Chicago Cubs first half grades: Hitting
The Chicago Cubs’ 47-40 first half record speaks to the overall quality of this team, though fortune has slightly scorned them by having them in the NL Central –a magical land where the St. Louis Cardinals and Pittsburgh Pirates play, those who rarely lose unless it’s to one another.
The Cubs have received some great starting pitching so far this season (which we talked about previously), and were it not for that pitching, the Cubs would assuredly be much worse off because their offense has been dismal, especially over the last month or so.
With that, let’s look at the numbers.
Seeing inconsistent stretches from the Cubs offense isn’t the least bit shocking. They’re exceptionally young in many key areas (Anthony Rizzo, Starlin Castro, Kris Bryant, Jorge Soler, Addison Russell are all 25 and under), and are loaded with several strikeout-prone bats.
What this boils down to is that, because of their high strikeout rate (24.1% –29th in the majors), this team needs to slug to be explosive, which they haven’t been. The Cubs are 25th in slugging percentage (.374). The five teams below them –Atlanta Braves, San Diego Padres, Philadelphia Phillies, New York Mets, Chicago White Sox — have a combined record of 200-245. The only team above .500 is the Mets (47-42), and they, like the Cubs, are enjoying some of the league’s best pitching. In short, the numbers suggest the Cubs continuing to slug so poorly will bite them across the second half.
The offense has had its unquestionable bright spots. Anthony Rizzo, despite a slight downturn the last few weeks (he hit just .250 over the last month), has had a sensational first half. Kris Bryant looks every bit the player he was touted to be, and when it comes to players like Bryant, Jorge Soler, and Addison Russell, it’s hard not to become giddy with excitement when you recall how much growth they should theoretically have in them.
Those bright spots have been balanced with some disappointing ones. Starlin Castro, even with his knack for hitting game-winning hits, has had a semi-disastrous season. He’s hitting just .247, has a paltry .283 OBP, and has continued to make routine errors at shortstop –15 of them, the same number he had all of 2014.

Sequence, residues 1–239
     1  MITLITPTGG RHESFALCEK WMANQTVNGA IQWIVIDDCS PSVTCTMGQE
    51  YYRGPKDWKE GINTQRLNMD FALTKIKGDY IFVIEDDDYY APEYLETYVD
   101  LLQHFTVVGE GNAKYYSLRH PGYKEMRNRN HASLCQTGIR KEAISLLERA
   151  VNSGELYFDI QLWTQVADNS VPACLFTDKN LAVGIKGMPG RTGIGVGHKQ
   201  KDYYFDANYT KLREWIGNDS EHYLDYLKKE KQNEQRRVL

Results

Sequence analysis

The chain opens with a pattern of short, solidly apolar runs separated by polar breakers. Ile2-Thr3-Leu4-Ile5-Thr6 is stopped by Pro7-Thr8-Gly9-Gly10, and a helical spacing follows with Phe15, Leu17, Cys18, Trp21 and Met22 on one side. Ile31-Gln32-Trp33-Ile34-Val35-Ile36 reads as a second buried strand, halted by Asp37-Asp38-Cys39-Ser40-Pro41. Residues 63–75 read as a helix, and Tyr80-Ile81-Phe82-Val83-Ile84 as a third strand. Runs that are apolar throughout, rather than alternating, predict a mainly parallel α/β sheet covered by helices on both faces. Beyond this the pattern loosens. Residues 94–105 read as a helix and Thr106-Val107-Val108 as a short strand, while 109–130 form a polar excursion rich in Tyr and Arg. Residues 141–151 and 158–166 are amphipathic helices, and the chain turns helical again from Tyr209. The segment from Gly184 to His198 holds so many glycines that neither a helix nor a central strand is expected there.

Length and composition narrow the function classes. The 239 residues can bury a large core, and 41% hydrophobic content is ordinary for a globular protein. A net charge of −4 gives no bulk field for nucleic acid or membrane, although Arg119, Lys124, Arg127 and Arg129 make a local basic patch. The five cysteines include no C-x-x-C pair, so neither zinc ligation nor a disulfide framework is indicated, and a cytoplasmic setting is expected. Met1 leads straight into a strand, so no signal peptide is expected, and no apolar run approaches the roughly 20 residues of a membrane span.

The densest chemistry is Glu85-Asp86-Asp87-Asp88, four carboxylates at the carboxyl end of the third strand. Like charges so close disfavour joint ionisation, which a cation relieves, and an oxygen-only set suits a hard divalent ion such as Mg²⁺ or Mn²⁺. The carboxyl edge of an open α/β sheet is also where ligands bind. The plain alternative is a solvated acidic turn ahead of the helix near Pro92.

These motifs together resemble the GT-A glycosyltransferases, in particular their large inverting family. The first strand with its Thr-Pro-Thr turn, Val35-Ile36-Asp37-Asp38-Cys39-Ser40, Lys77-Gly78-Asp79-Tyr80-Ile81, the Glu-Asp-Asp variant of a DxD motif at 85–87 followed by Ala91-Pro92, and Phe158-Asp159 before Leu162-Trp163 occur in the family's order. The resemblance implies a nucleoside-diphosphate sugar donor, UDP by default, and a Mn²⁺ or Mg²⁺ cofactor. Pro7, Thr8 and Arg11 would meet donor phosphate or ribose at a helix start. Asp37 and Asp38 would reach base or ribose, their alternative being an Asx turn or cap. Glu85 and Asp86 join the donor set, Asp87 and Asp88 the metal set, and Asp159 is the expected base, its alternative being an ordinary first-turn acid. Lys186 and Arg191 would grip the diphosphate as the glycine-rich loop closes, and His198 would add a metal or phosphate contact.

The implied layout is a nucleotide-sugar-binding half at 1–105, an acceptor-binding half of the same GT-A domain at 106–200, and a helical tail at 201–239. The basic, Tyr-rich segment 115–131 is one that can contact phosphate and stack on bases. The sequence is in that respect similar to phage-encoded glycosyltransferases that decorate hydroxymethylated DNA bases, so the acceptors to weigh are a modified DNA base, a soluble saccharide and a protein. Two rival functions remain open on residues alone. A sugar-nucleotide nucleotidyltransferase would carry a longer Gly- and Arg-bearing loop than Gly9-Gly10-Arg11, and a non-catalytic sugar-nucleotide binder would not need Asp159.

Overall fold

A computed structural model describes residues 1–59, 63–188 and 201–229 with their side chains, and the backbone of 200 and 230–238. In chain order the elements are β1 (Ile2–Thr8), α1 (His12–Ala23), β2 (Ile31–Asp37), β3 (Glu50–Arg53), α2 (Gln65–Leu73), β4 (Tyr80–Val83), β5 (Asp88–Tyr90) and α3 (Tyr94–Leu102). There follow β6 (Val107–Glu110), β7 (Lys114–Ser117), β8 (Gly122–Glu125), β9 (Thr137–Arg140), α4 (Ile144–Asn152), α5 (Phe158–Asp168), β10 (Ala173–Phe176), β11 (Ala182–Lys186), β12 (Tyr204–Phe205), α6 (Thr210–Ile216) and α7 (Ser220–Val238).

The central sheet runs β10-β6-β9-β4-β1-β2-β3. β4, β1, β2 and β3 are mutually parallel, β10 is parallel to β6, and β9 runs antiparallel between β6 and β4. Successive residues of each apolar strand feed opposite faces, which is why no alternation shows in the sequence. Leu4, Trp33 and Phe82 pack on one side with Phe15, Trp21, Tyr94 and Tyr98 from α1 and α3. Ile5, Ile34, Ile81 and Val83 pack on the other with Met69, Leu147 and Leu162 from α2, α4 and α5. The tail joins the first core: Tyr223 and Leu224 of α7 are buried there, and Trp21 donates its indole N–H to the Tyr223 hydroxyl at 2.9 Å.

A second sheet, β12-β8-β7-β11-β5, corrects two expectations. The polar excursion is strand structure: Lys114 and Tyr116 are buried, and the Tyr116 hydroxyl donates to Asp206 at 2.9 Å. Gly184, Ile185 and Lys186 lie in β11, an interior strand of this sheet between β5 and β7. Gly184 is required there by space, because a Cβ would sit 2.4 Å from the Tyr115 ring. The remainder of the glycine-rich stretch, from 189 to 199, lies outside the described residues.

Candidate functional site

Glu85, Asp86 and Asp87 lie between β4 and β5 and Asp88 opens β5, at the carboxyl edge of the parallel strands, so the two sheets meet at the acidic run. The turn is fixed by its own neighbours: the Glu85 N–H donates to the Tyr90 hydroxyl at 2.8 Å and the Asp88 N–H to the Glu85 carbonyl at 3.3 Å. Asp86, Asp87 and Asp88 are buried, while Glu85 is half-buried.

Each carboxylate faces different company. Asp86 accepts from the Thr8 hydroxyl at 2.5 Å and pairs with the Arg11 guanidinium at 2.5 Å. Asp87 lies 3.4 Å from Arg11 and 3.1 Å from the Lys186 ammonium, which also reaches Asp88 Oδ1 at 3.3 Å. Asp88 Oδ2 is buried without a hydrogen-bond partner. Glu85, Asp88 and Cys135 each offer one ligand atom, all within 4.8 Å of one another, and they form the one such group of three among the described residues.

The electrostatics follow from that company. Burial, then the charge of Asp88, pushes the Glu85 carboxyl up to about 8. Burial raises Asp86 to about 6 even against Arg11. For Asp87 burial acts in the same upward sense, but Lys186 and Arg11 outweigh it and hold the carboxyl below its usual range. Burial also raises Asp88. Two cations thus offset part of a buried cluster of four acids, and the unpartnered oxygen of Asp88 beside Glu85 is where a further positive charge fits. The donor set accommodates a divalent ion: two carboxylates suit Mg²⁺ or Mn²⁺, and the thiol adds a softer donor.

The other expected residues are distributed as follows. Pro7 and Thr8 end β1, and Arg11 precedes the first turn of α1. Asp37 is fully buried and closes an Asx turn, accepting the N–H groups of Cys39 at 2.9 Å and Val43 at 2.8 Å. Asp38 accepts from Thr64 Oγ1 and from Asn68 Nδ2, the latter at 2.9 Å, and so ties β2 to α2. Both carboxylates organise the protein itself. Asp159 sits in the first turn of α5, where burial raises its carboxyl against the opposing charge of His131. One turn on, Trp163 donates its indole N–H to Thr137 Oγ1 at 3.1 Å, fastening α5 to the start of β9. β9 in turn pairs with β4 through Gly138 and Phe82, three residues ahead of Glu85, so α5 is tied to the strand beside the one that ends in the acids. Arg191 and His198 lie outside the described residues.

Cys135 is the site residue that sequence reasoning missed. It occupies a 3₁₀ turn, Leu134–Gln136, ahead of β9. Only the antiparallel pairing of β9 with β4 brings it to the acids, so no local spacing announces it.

The last month has been particularly egregious when it comes to offense for the Cubs. The two weeks before the break, the Cubs were hitting a depressing .205 collectively, and were slugging an equally-depressing .296. They had just 23 extra base hits in their last 13 games. The fact that they went 8-5 in those 13 games speaks to the ludicrously good pitching the team enjoyed across the same stretch.
The issue of slugging is compounded by the Cubs’ performance with runners in scoring position, which is 26th in the majors with just a .229 batting average. However, they also walk more than any other team with RISP (113 times), and are 3rd in the league in total walks. The more the evidence builds, the more it points to how explosive this unit could be if they could turn a few of those singles into doubles.
Stolen bases are another wrinkle to this club. But while the Cubs are 7th in stolen bases (57), they only had six all of June. They look to be turning that around with eight across the first two weeks of July, but it still doesn’t feel like the offense is as dynamic on the basepaths as they were early on.
The Cubs could use a bench upgrade, which would be surprising to not see them address this around the deadline. Jonathan Herrera has done admirably well, but when coupled with Mike Baxter, David Ross (or Taylor Teagarden), Matt Szczur, or Junior Lake, you aren’t exactly hoping for a late-game, pinch-hit RBI chance.
The one angle that saves the grade outside of a few standout individual performances is the team’s general patience. All of the accumulated walks suggest some veteran approaches by several players under 25, which is key for the long term. Many of these players don’t routinely chase bad pitches; they’re missing pitches in the strike zone (they are 28th in contact percentage on balls in the strike zone, but are 7th in percentage of pitches swung at outside the strike zone). Though that brings with it its own set of modest concerns, those concerns aren’t nearly as bad as if they were chasing pitches all over the place.
Everyone knew the Cubs were going to strike out a lot, and the patience is generally even a little better than anticipated. The Cubs need to either lower the strikeout percentage, or raise their slugging percentage. You can deal with one or the other. If they continue to entertain both, all it will take is a struggling rotation for a couple of weeks to make a disaster out of the second half.
But as the young players mature, it becomes increasingly difficult to believe the slugging isn’t lurking in there somewhere.
The good news is that the Cubs have survived the offensive downturn with that 47-40 record. If it trends upward, they might be even better than we hope they are.
Brian Davis is a writer and musician from Peoria, IL. He writes books, songs, and aside from ChiCity Sports, has contributed to Yahoo Sports, Yahoo Music, and several music blogs. Follow Brian on Twitter @brianjdavis87